Table of contents:
- History of the Singaporean cat
- The appearance of a Singaporean cat
- The nature and temperament of the Singaporean cat
- Singapore cat health
- 20 nicknames for a Singaporean cat
Video: Singapore Cat, Or Singapore
The Singapore cat, or Singapore (Singapura cat) is a breed of short-haired cats of a small size and oriental type, with a golden cream color. Singapore is one of the smallest cat breeds. These cats have a pronounced talent for all kinds of tricks. They love to be the center of attention and will stop at nothing to get that attention. Even in old age, they remain active and playful. Singapore cats are very curious and show remarkable intelligence to find their favorite treat or toy. If you take the time to befriend Singapore, then you will have a loyal companion. These cats are not talkative, their gentle voice is almost inaudible.
Weight: 2-3 kg.
Height: 15-20 cm.
Cost (price) of a kitten: pet-class kittens cost from 25,000 to 30,000 rubles, breed-class from about 40,000 to 50,000 rubles, the price of Singaporean show-class kittens ranges from 60,000 to 130,000 rubles or more.
Life expectancy: 11-15 years.
Country of origin: Singapore.
Breed diseases: pyruvate kinase deficiency, uterine inertness; some cats are hypersensitive to certain vaccines.
The breed is recognized by felinological organizations: AACE, ACA, ACFA, CCA, CFA, CFF, TICA, TCA, UFO, FIFe, WCF, LOOF.
Singapore cat: buying and feeding a kitten
Nicknames for a Singaporean cat
Care for the hair, eyes, ears and teeth of a Singaporean cat
Maintenance of a Singaporean cat
Breed standard Singaporean cat according to CFA
Breed standard Singaporean cat according to TICA
History of the Singaporean cat
The first cats of this breed were brought to America from Singapore. Like many other seaports, Singapore is inhabited by a host of wild felines that feed on waste from the fishing industry. Small brown cats with ticked hair have been known to the people of Singapore for many years. They were disparagingly called "sewer cats."
In 1975, Tommy and Hal Meadow removed from Singapore three sepia-colored ticked cats named Tess, Tickle and Pussy. Tommy Meadow, a former CFF judge and breeder of Abyssinian and Burmese cats, wrote the breed standard and started a breeding program using imported cats as a fund. She gave the breed the name Singapura. Singapore cats were first presented at the show in 1976. In 1980, breeder Barbara Gilbertson, who became interested in these cats, brought to the United States two more individuals from Singapore, which had a brown ticking color. Imports of native cats continued for several more years, gradually increasing the Singapore population in the United States.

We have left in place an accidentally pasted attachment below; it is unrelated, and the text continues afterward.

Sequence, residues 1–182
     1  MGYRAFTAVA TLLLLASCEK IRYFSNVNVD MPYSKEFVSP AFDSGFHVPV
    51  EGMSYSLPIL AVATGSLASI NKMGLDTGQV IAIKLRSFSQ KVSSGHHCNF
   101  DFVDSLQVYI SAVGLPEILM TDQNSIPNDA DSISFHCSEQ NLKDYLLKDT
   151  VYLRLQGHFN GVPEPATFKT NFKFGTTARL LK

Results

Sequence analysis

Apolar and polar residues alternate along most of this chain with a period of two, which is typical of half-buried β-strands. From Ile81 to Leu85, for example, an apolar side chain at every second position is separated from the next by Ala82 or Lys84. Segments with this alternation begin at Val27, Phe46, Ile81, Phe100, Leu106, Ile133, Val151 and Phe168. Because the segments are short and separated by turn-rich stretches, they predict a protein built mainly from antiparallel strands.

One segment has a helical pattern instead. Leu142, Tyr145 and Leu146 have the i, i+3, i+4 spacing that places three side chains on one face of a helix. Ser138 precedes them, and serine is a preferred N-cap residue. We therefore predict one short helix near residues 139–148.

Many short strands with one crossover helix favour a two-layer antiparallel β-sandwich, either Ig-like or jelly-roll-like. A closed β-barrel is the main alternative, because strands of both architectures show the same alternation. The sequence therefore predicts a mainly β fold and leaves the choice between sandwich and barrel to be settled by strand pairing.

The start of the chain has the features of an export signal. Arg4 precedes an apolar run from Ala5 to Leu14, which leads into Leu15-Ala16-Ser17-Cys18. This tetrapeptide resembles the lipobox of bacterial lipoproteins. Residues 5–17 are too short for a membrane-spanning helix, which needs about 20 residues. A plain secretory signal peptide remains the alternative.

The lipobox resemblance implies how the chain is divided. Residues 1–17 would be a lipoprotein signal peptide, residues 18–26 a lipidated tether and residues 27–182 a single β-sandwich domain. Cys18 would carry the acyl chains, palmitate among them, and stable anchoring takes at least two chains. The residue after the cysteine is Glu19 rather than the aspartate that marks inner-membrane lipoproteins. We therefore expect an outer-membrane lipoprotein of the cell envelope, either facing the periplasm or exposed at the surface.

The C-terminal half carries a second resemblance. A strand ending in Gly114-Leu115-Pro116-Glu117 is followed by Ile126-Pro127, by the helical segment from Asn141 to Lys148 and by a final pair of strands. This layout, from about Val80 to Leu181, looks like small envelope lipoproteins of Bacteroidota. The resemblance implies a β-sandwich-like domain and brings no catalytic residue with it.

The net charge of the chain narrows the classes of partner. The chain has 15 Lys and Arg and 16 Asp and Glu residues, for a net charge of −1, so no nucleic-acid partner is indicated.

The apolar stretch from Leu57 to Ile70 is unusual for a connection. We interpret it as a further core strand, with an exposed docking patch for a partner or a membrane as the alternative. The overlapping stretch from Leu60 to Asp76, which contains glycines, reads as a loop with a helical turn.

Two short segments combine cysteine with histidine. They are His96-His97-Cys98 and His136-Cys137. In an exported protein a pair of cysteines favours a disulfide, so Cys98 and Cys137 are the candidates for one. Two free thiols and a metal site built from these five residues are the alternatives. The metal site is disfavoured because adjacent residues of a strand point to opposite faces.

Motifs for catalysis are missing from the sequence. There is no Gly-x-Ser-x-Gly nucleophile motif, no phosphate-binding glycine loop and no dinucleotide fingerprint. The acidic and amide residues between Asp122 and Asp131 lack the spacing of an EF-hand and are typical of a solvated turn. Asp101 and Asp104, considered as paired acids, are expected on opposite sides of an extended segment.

Working on improving the breed, breeders have relied on coat color. Each singapura hair is colored three times: at the base - the color of old ivory, in the middle - dark brown, at the end - sepia. In the standard, the color of the fur is designated as "sepia agouti", in the English version this color is called sand-speckled, which is more accurate from a genetic point of view. This mixture of three colors gives the impression of a shimmer of delicate pinkish and beige gold.
In 1987, Singaporean cats from the United States were introduced to Europe and Belgium for the first time.
The conflict arose in 1990 when Tommy Meadow admitted that Tess, Tickle and Pussy were born in America and were taken to Singapore in 1974 when she and her husband left for work there. Tommy claimed that these cats were descendants of those animals that her husband sent her in 1971, who was in Singapore at the time.
Tommy said that after seeing the offspring of these cats, she thought that cats could create a gene pool for a hitherto unknown breed. However, due to the confidential nature of her husband's work, she had to hide the true origins of the cats. Tommy believes that since she did not keep track of the first three cats, the year 1975 should be considered the beginning of the breeding program.
In February 1991, at a CFA board meeting, the Meadows were asked to explain the situation. Hal produced his passport and visa confirming his stay in Singapore in 1971 and the CFA board decided not to take action against the founders of the breed. The rest of the associations also had nothing against the Singaporean breed.
It was rumored that Singapore was not at all exported from the country of the same name, but was the result of crossing Abyssinian and Burmese cats. Despite everything, the breed was adopted by almost all feline organizations, both in America and in Europe.
The gene pool of the breed is still small, and in most associations it is not allowed to cross the Singapore cats with other breeds. Breeders suggest importing more cats from Singapore to keep the breed healthy. But the Singapore government has banned the export of its "national cat" abroad, and now it is not so easy to get a Singaporean for breeding work. For all these reasons, the breed remains rare.
Singapura variations (such as nonaguchi or wrong color) can be used in a breeding program, but cannot be registered or exhibited in a show like the Singapura. Those with an approved outcross in 3 generations of pedigrees are defined as cats of the "Singapura phenotype".
The appearance of a Singaporean cat
Despite its small size, the Singaporean cat is a sturdy, compact, stocky animal with a short neck and muscular limbs. The rib cage is rounded, the back is slightly arcuate. The limbs are of medium length, muscular, tapering evenly towards small oval tarsi.
The skull is rounded, with a short, wide, well-defined muzzle. The nose is small, dull. Profile - with a slight transition below eye level.
The eyes are round, very large, set wide apart. Eye color - from yellow-green to yellow and hazel.
Ears are large, wide at the base, with slightly rounded tips and light "brushes", medium set, slightly tilted forward.
The tail is thin, of medium length, with a slightly rounded dark tip.